FIG. 3 illustrates a serial communication transceiver 300 that may be used by the nodes to couple to the serial communications link. Transceiver 300 includes a receiver 302 coupled to the receive channel to sense incoming signal levels, clean them up as much as possible, and provide them to a clock recovery module 304. Clock recovery module 304 uses the incoming signal to reconstruct a clock signal synchronized to the incoming data, and a serial-to-parallel converter 306 uses the reconstructed clock signal to convert the incoming signal from serial form to parallel form. In one embodiment, converter 306 outputs one 10-bit channel codeword at a time. The output from the converter 306 is sent to a decoder.
Transceiver 300 also includes a parallel-to-serial converter 308, which receives a stream of codewords from an encoder and uses a clock signal from clock multiplier 310 to convert the stream of codewords into a serial bitstream. Transmitter 312 then converts the serial bitstream into signals suitable for transport by the transmit channel. Transceiver 300 is typically provided on a network card, which resides on the I/O bus of a node. The interface between the transceiver 300 and the I/O bus is provided by a network interface unit such as that shown in FIG. 4.
One embodiment of a network interface unit is provided in FIG. 4. It includes an encoder 402 and a decoder 404 coupled to the transceiver 300. Encoder 402 and decoder 404 provide error correction coding and decoding for information transmitted across the serial link. Decoded data from decoder 404 is provided to receive controller 406. The receive controller 406 stores received control words and data frames in receive buffer 408. If the node is in a "pass along" mode, the receive buffer 408 is also used as a transmit buffer 410. A transmit controller 412 retrieves control words and data frames from transmit buffer 410 and forwards them to encoder 402. If the node is transmitting or receiving data (i.e. participating in an exchange of data), receive controller 408 updates exchange information in register file 414 in response to received control words or data frames, and forwards data from received data frames to the node's i/o bus. Transmit controller 412 updates exchange information in register file 414 in response to commands and data from the node's i/o bus, generates control words and data frames in transmit buffer 410, and forwards them to encoder 402.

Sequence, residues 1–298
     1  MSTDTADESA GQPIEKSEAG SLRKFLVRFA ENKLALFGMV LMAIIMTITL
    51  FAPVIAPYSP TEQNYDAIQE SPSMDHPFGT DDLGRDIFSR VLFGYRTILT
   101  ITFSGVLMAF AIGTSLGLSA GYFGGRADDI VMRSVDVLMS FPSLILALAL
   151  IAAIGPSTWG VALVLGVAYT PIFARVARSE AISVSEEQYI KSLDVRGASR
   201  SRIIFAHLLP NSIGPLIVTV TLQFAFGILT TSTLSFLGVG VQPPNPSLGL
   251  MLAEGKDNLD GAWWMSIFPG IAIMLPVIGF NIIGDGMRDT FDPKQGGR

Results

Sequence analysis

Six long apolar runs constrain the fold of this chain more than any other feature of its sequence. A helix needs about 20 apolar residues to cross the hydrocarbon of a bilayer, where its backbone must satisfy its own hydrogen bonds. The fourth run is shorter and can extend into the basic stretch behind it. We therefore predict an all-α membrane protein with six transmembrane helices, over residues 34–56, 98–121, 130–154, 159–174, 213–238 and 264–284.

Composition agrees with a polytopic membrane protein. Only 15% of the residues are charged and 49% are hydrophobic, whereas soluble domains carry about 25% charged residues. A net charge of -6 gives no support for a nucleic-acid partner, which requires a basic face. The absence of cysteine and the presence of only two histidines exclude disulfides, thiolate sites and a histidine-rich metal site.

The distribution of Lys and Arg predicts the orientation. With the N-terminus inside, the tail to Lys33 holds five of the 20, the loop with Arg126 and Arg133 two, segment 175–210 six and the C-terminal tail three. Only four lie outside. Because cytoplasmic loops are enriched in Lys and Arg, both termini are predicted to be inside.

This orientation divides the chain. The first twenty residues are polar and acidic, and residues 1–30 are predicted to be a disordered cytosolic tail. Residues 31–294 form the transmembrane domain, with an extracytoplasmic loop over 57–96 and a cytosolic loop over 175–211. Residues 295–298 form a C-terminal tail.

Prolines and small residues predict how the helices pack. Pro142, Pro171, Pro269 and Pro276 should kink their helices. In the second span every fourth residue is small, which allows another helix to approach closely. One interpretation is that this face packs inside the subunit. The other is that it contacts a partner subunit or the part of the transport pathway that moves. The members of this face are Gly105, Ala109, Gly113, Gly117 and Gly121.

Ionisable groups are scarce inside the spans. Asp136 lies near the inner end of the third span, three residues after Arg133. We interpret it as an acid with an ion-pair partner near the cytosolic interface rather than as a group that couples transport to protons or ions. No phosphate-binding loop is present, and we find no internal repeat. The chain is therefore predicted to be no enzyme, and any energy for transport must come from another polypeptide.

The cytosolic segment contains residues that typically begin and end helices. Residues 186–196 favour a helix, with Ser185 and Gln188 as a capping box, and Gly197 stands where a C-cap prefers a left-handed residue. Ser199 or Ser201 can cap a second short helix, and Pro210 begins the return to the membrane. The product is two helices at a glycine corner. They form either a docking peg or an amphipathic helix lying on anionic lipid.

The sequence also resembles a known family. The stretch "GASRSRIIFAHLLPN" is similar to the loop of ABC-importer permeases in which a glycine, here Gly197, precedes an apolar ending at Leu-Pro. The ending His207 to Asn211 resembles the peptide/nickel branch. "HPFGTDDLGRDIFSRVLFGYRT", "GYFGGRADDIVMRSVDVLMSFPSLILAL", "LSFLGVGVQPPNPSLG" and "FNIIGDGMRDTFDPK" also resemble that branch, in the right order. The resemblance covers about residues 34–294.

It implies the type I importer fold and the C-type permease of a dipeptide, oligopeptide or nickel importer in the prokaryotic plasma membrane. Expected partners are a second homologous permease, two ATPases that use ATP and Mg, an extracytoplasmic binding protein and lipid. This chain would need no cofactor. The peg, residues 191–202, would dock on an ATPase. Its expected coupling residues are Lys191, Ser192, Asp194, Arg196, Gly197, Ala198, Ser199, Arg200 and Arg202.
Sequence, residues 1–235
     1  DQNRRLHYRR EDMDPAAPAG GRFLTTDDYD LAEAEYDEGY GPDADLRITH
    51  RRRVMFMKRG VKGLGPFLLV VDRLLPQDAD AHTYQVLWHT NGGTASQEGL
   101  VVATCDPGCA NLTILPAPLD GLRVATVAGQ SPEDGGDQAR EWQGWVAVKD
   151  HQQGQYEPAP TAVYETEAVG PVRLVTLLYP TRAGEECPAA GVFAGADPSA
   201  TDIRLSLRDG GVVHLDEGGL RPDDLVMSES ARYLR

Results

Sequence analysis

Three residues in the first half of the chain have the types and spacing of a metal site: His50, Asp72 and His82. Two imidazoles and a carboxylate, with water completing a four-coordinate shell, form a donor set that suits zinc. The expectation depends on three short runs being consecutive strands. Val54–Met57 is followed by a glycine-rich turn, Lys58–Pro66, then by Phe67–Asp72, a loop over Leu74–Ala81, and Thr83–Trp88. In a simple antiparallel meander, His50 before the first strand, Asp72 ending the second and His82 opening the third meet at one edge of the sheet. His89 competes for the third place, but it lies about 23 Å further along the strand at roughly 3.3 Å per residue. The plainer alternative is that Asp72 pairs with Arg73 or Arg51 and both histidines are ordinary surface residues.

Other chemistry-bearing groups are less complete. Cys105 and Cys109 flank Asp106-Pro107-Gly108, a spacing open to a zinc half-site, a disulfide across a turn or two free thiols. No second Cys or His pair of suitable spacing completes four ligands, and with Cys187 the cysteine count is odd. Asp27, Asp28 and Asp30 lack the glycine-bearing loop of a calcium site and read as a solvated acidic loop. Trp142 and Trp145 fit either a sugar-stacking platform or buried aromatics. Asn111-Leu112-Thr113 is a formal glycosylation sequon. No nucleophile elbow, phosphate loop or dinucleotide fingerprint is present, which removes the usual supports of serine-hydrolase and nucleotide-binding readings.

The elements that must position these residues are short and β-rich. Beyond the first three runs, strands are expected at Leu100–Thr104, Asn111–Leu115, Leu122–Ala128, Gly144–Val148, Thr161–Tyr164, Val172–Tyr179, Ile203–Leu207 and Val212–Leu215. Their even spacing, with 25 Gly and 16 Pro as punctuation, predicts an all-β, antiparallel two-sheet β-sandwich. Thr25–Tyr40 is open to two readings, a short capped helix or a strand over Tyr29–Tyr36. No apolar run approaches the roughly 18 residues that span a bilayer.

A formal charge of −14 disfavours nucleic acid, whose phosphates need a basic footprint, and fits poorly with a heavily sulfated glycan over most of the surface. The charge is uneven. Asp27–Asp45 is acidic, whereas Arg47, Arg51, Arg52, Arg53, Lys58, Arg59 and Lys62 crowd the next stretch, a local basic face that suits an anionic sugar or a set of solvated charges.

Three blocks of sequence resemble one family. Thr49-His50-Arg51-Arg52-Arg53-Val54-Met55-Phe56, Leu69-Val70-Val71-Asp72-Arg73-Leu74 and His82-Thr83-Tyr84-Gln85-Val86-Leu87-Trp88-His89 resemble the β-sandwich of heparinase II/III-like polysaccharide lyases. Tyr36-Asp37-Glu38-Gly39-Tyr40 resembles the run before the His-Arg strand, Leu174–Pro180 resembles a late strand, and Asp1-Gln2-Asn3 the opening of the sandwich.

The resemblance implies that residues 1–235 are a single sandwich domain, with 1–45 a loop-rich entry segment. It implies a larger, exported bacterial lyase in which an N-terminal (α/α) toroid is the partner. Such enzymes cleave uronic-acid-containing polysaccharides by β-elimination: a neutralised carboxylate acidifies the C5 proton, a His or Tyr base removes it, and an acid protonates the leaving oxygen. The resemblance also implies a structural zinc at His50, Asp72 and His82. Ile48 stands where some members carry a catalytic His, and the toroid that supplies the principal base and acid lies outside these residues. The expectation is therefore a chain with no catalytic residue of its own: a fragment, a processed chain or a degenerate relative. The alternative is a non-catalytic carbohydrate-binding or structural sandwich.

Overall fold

A processor at the local node may have access to register file 414 via the I/O bus. In one embodiment, the management of the network interface is done via a software driver resident in system memory. In this case, the incoming data and outgoing data may be written to and read from system memory via DMA (direct memory access) channels. The software driver determines when a data exchange is initiated or concluded, and maintains a list of concurrent data exchanges. Although there is no specified limit to the number of concurrent exchanges, it is likely that only a small number will be active (i.e. expecting that data frames for these exchanges will be sent or received in, say, the next 100 microseconds) at any given time. The processor stores tracking information for the active exchanges in an exchange table 416 in register file 414. To allow the receive and transmit controllers to quickly update the exchange tracking information, the processor also provides an index table 420 in register file 414. The index table 420 has an entry corresponding to each possible exchange number, and the value of the entries corresponding to active exchanges is set equal to the location of the tracking information in the exchange table 416. The receive or transmit controller needing to access or update the exchange table information can then first retrieve the exchange number from the frame header, reference the index table using this exchange number to determine the location of the tracking information in the exchange table, and then access or update the tracking information using the location provided. This advantageously provides a way for a large number of concurrent data exchanges to be efficiently supported using an exchange table of limited size. During its pendency, a data exchange may have its tracking information moved to and from system memory multiple times, and each time the exchange table slot that the information gets stored in may change. The controllers 406, 412 are able to track the changing exchange table slot since the location is updated in the index table every time the exchange changes from inactive to active.